Navigation Links
Twins study shows genetic basis for face and place recognition
Date:12/19/2007

ANN ARBOR, Mich.---New evidence suggests our brains are hardwired before birth to recognize faces and places. But in contrast, the neural circuitry we use to recognize words develops mainly as a result of experience.

That's according to new findings from the University of Michigan.

"There's been a big debate about whether face recognition is a function we're wired to perform for survival. This is the first study to look at that question using brain imaging in twins," said psychology professor Thad Polk, the first author of a paper on the results that are published in the Dec. 19 edition of The Journal of Neuroscience.

Polk and his colleagues used functional MRI to examine brain activity in sets of identical and fraternal twins who viewed pictures of faces, houses, chairs, made-up words and abstract control images. Faces, houses, and words are known to elicit distinct patterns of activity in the brain's ventral visual cortex, on the bottom of the brain, behind and around the ears.

The scientists used photos of houses to stimulate what's called the "parahippocampal place area." And they included pronounceable made-up words rather than actual words to make sure that the meaning didn't affect brain activity.

For each category the participants viewed, they had to press a button to say whether a picture was the same picture as the one before it.

Functional MRI of the brain indirectly measures the activity of firing neurons. The tests gave scientists color-coded maps of brain activity. By comparing each participant's MRI results with his or her twin's, Polk could gauge how similarly their brains worked when tasked with recognizing images in the different categories.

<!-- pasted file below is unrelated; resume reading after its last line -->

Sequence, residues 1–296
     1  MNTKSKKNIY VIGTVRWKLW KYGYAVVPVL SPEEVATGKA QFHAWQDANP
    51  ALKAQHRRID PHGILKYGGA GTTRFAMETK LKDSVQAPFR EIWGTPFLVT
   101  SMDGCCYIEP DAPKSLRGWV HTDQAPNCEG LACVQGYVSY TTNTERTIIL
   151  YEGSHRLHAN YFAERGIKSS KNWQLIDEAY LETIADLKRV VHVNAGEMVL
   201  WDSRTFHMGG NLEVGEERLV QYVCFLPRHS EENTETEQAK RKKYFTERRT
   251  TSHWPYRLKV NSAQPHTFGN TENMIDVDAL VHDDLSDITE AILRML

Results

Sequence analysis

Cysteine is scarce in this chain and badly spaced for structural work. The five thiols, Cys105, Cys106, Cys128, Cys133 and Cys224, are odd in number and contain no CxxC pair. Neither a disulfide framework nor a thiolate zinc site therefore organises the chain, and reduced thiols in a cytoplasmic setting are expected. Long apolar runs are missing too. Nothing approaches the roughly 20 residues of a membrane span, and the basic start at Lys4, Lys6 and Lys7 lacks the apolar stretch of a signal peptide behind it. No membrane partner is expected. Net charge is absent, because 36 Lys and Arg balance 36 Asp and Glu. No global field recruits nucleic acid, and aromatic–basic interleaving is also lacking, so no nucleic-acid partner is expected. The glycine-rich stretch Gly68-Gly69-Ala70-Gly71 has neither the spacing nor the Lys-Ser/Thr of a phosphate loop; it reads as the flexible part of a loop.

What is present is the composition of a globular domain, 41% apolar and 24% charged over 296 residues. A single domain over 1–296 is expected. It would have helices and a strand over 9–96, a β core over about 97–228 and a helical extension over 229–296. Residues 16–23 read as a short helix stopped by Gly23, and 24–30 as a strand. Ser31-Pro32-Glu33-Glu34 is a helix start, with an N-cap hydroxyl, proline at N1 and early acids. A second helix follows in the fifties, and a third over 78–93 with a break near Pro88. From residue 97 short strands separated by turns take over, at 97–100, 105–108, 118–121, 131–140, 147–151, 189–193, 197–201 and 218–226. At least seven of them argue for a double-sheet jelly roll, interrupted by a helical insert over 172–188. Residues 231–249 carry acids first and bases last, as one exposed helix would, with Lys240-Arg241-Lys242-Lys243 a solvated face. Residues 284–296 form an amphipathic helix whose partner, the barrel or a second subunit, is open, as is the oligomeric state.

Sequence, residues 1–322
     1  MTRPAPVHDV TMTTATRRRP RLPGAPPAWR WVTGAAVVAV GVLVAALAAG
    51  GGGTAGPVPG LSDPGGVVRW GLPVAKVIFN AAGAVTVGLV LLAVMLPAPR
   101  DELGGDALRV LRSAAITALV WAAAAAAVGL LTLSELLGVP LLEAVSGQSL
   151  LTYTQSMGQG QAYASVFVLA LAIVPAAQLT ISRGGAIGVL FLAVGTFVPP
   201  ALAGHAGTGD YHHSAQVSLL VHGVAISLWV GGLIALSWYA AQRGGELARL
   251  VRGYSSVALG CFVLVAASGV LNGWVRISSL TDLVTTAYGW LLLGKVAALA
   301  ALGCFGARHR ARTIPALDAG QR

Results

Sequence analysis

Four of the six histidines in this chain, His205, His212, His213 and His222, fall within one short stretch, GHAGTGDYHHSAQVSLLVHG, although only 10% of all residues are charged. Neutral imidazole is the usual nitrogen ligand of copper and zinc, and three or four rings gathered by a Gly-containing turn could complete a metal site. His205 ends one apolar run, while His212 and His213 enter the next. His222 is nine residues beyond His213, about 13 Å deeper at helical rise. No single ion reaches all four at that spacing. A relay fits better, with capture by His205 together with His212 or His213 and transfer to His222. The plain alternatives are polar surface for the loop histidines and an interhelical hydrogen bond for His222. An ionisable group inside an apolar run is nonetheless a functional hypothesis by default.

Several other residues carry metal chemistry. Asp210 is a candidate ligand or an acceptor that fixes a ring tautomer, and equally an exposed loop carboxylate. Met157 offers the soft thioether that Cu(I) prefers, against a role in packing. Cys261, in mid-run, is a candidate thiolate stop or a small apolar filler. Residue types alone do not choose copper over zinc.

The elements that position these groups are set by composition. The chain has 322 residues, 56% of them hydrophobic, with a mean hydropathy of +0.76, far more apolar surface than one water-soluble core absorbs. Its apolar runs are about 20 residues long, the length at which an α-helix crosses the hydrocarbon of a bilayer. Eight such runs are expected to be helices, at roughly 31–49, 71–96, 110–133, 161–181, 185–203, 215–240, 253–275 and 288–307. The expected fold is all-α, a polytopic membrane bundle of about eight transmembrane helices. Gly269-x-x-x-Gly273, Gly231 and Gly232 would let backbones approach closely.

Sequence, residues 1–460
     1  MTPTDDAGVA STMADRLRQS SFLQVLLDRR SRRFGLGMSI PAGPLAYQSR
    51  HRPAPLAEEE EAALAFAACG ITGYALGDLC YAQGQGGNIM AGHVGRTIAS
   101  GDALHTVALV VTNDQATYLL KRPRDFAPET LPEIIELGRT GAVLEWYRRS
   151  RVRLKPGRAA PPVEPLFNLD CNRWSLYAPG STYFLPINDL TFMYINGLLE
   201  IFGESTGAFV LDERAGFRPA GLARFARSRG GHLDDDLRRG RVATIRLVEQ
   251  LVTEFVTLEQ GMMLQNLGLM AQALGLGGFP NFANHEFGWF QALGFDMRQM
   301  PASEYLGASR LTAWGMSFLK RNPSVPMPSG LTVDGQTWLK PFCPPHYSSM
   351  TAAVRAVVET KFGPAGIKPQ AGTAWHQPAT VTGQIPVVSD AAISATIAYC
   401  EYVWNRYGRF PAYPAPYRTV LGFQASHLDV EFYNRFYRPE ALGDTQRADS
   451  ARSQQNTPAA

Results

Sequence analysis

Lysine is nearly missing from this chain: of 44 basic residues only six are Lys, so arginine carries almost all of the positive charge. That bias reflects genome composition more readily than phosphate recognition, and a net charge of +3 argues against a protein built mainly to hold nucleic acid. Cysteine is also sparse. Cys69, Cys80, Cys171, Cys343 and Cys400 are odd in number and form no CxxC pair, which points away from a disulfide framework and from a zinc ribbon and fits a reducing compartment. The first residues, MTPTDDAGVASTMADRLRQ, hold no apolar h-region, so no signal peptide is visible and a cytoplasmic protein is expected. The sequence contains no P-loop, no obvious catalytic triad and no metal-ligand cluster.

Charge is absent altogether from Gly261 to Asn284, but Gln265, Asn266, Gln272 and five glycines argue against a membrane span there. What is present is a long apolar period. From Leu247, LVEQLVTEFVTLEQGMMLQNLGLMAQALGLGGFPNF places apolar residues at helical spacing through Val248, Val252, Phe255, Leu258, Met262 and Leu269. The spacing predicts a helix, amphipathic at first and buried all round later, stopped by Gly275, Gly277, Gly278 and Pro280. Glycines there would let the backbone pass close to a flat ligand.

The brain circuits used to recognize chairs or made-up words were no more similar in identical twins than in fraternal twins. That suggests that the neural circuitry underlying these behaviors is not innate. Instead, that circuitry is primarily learned through experience, Polk said.

But in the face and house categories, the scientists saw a different story. The neural pathways used to process these images were more similar in identical than fraternal twins. This suggests that genes play a significant role in this type of brain function. Identical twins are genetic copies of one another. Fraternal twins are as genetically different as regular siblings.

These results cannot be chalked up to greater structural similarity in identical twins' brains, the study says. If they could be, then the brain activity patterns for made-up words and chairs should also have been more similar in identical twins. They weren't.

"Face and place recognition are older than reading on an evolutionary scale," Polk said. "They are shared with other species and they provide a clearer adaptive advantage. It's therefore plausible that evolution would shape the cortical response to faces and places, but not symbols such as words and letters."

He said that this research could help scientists understand what's innate and what is learned. "If we can figure out the extent to which the brain can change as a result of experience and what makes it change, we could potentially develop therapies for people with brain damage," Polk said. When parts of the brain are damaged, other areas often compensate.